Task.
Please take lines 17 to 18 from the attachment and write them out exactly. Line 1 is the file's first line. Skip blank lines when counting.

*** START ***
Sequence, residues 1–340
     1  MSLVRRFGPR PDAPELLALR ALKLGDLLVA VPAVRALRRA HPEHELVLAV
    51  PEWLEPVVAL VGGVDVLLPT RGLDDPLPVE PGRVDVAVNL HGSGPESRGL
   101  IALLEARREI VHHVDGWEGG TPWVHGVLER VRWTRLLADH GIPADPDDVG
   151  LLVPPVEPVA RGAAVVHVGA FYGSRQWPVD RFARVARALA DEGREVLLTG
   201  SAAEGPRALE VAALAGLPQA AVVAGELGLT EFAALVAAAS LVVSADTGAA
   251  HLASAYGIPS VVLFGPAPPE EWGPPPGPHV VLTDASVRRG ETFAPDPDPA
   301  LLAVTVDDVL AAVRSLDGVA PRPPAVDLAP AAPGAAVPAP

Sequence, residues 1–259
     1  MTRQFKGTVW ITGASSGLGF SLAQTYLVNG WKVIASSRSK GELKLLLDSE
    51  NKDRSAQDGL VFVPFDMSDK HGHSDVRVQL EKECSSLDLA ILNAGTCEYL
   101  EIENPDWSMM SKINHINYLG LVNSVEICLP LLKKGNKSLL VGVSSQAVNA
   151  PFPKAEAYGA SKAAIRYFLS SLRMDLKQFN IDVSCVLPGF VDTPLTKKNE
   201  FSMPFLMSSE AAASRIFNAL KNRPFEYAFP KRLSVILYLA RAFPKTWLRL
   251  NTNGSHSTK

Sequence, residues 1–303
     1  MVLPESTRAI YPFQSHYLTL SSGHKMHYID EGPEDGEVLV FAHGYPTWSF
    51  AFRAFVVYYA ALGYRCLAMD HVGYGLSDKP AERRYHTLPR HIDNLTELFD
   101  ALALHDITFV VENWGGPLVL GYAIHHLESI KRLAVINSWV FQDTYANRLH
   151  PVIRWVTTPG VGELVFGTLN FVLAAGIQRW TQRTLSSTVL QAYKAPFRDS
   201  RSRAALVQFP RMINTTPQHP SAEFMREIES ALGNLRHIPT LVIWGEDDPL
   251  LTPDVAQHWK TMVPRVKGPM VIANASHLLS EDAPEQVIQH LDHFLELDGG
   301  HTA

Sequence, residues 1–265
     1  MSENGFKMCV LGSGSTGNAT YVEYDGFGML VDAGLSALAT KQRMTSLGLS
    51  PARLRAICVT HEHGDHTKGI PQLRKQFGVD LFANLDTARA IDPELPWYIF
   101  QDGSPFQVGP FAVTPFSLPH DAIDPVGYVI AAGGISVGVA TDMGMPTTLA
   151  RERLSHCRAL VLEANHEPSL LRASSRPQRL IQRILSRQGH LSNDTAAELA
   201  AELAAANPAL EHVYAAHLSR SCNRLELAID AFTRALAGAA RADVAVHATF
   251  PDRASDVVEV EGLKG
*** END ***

     1  MVLPESTRAI YPFQSHYLTL SSGHKMHYID EGPEDGEVLV FAHGYPTWSF
    51  AFRAFVVYYA ALGYRCLAMD HVGYGLSDKP AERRYHTLPR HIDNLTELFD